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VICTOR BWIRE: Media influences voting, election processes

Candidates depend on the much-needed clout to bolster their chances of winning.

In Summary

•One of the key indicators of a strong democracy is the ability of its media to be objective, giving equal and fair coverage to all candidates vying for public office.

•Democracy also entitles every person to their freedom of expression giving them confidence that they will be heard and given the chance to express their point of view without victimization.

Journalists at work.
Journalists at work.
Image: FILE

During elections, the media influences the popularity of candidates.

Candidates depend on the much-needed clout to bolster their chances of winning.

No wonder, it has become fashionable for a section of aspirants to fault the media over the status of their popularity.

The media plays a dynamic role in the coverage of elections in any country.

One of the key indicators of a strong democracy is the ability of its media to be objective, giving equal and fair coverage to all candidates vying for public office.

Democracy also entitles every person to their freedom of expression giving them confidence that they will be heard and given the chance to express their point of view without victimization.

Many serious politicians either own or are associated with a particular media outlet.

Others have hired experienced professional journalists in their teams and by extension paid bloggers and influencers to push their ideologies.

The attention, investment and resources put in place to prepare coverage of the 2022 General Elections tells it all that the media is a key player in the electoral processes. 

At one time, the Azimio la Umoja candidate Raila Odinga is quoted saying media attention matters, notwithstanding the type of coverage- bad or good, negative or positive tonality.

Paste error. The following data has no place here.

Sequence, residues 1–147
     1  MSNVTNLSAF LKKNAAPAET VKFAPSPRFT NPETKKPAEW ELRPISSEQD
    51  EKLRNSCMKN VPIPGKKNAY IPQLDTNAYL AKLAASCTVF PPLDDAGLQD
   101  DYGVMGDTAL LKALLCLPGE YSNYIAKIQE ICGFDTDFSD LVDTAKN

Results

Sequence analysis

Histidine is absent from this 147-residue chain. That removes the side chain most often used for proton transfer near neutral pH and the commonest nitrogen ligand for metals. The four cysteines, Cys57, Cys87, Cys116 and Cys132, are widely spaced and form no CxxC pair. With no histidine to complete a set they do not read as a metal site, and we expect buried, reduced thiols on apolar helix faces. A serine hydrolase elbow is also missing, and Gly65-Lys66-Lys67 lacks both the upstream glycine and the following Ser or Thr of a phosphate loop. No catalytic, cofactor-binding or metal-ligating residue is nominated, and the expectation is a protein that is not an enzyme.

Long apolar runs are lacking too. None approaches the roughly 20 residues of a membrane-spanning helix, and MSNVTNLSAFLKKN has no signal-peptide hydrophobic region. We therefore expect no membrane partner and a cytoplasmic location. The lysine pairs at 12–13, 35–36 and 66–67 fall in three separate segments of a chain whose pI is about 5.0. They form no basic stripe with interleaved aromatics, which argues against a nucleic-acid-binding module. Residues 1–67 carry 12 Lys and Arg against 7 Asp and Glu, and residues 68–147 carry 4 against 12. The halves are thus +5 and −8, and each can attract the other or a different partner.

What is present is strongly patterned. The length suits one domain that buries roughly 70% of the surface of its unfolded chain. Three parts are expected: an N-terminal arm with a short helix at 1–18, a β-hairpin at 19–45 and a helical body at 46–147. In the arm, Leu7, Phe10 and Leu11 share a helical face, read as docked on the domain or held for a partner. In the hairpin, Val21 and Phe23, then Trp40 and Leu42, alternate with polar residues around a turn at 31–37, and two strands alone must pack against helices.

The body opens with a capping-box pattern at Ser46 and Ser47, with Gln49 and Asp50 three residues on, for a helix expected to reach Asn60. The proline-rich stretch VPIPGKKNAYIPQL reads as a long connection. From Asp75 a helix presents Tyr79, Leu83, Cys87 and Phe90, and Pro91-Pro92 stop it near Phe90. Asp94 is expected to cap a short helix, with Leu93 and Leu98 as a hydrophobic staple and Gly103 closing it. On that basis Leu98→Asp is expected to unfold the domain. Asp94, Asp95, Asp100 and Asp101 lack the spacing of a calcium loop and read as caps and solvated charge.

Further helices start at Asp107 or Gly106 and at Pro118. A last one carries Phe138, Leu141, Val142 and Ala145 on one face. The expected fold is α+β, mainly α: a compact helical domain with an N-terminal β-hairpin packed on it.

Several of the complaints about media coverage of the elections by the various political sides have been on the time and space allocated to their candidates and the tonality.

My late mentor and teacher Mzee Joe Kadhi wrote a paper that captures the influence the media has on voting and general perception about candidates.

Quoting various scholars and studies, the late Joe notes that many contestants not only own and associate with media but also try to influence journalists to produce favourable content.

More importantly, they also stage campaign events that will attract the attention of the media and lead to press coverage.

Many voters in Kenya regard a candidate as having a very good chance when opinion polls rate him/her highly, and when many respected media houses and journalists appear to be in their favour.

That explains the concerns raised many times regarding time allocation to some candidates.

The use of advertisements that are directly infused in editorial content and doing roadshows jointly with candidates is a new phenomenon that media in Kenya must contend with.

Advertisements have been used to reduce editorial content, especially through the broadcast media, sometimes flouting existing laws on advertisements.

Aware of the influence of media content on voting and candidate ratings, media houses and partners have established fact-checking desks to help minimise emerging threats.

Community and local language-based media houses have in the meantime continued to attract attention during these campaigns.

Their influence at the local level is very big.

Many of the candidates have been appearing in local language-based media houses as partners also stage high-impact debates.

A candidate getting more time or space does not necessarily mean that the media favours them. It might be because of preparation, availability, events planning, content, and source/media relations.

Many times, media relations and advisors sow discord with the media because of personal reasons and misadvise their candidates from engaging with the media.

Journalists will use their professional discretion to cover or assign time and space to candidates who give news without necessarily caring how they treated the same person yesterday.

Some of the candidates have no communication team or pick activists with no media relation or news generation cycle, and just cannot keep up with the media, but many times will blame the media.

Many of the candidates are associated with or own media houses which cannot cover them favourably.

But they continue complaining about other media houses and how their content is skewed.

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